LMP2 chassis constructors named ahead of standardization in 2017

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The FIA, ACO and IMSA have announced the four constructors that will be building LMP2 chassis for across their respective series and races as of 2017.

In a bid to curb costs within LMP2 racing, it was confirmed back in June that only four constructors would be able to build chassis for the class in the FIA World Endurance Championship (including 24 Hours of Le Mans), European Le Mans Series, Asian Le Mans Series and the Tudor United SportsCar Championship as of 2017.

On Thursday, it was confirmed that Dallara, Onroak Automotive, Oreca and Riley Tech/Multimatic have won the tender ahead of the regulation change.

“The Automobile Club de l’Ouest is proud of the work that’s been done on the future LMP2 category regulations, which has resulted in the selection of four prestigious chassis constructors: Dallara, Onroak Automotive, Oreca and Riley Tech/Multimatic,” ACO president Pierre Fillon said.

“Our priority is to supply the teams and drivers entered in this category with the best options and solutions to race in endurance on a long-term basis.

“Thanks to the decisions taken jointly by the ACO, IMSA and the FIA we have managed to bring together a high-quality pool of constructors which reinforces the interest in the series and its glowing future prospects.”

The ACO and FIA will jointly announce which manufacturer has won the tender to supply engines for its championships’ LMP2 classes in September.

In the Tudor Championship, engine supply will not be limited to just one manufacturer, and all chassis will have manufacturer-specific styling elements.

“The Dallara, Onroak Automotive, Oreca and Riley Tech/Multimatic teams now will join the technical working group jointly managed by the ACO, the FIA and IMSA to define the final details of the regulations,” a joint statement from the three bodies reads.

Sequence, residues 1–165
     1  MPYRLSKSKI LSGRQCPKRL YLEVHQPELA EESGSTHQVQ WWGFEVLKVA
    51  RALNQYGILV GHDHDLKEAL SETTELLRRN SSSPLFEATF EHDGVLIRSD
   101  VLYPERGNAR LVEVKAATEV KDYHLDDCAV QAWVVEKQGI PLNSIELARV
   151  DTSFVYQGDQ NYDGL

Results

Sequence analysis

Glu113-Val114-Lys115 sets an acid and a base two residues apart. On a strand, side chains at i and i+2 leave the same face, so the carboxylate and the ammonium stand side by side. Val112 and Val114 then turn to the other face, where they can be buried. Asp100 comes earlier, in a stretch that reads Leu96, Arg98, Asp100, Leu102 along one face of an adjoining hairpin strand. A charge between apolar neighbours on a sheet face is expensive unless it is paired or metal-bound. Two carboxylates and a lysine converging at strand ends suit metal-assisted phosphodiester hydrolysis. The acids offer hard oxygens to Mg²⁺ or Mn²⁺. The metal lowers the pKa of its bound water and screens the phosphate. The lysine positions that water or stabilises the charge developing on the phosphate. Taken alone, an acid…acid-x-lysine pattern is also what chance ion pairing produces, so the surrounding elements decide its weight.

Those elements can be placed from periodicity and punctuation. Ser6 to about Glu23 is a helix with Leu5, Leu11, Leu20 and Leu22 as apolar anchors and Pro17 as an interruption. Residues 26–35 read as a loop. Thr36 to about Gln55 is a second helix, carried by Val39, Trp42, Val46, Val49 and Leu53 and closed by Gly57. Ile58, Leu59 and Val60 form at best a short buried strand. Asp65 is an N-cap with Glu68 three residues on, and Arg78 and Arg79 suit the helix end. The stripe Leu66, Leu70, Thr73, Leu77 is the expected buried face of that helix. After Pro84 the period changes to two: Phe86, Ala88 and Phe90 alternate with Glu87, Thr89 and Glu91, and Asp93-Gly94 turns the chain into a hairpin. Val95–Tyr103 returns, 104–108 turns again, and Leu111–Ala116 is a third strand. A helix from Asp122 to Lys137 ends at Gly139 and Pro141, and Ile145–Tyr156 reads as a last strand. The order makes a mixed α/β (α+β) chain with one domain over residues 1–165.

“One of the main objectives of this working group is to optimise all of the parameters to ensure the most economically viable set of rules for the teams.

“The final set of provisions of the LMP2 regulations will be adopted by the World Motor Sport Council in December of this year, and the timetable will respect the following five stages:

  • 1st January 2016: validation of the safety structures/monocoque;
  • 1st April 2016: validation of the bodywork and the mechanical components;
  • 1st June 2016: validation of the crash test;
  • 1st September 2016: presentation of the draft homologation sheet;
  • From 1 – 15 December 2016: inspection and final validation of the car

“The cars must be homologated by, and available for use in January 2017 for the Rolex 24 At Daytona, the first race at which the new TUDOR Championship Prototype / LMP2 category regulations will be applied.”

NHRA: Dodge/Mopar to unveil new Charger SRT Hellcat Funny Car today in Denver

Photos/video courtesy Dodge/Mopar
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If you’re a fan of NHRA Funny Car racing and Dodge/Mopar, you may notice something different at this weekend’s Dodge Mile-High NHRA Nationals at Bandimere Speedway in suburban Denver, Colorado.

Two-time (2011 and 2014) NHRA Funny Car champ Matt Hagan – who has won the last two NHRA national events in the last four weeks – will be piloting a newly-designed 2019 Mopar Dodge Charger SRT Hellcat, a 10,000-horsepower Funny Car that makes its debut today at Dodge/Mopar’s premier NHRA national event.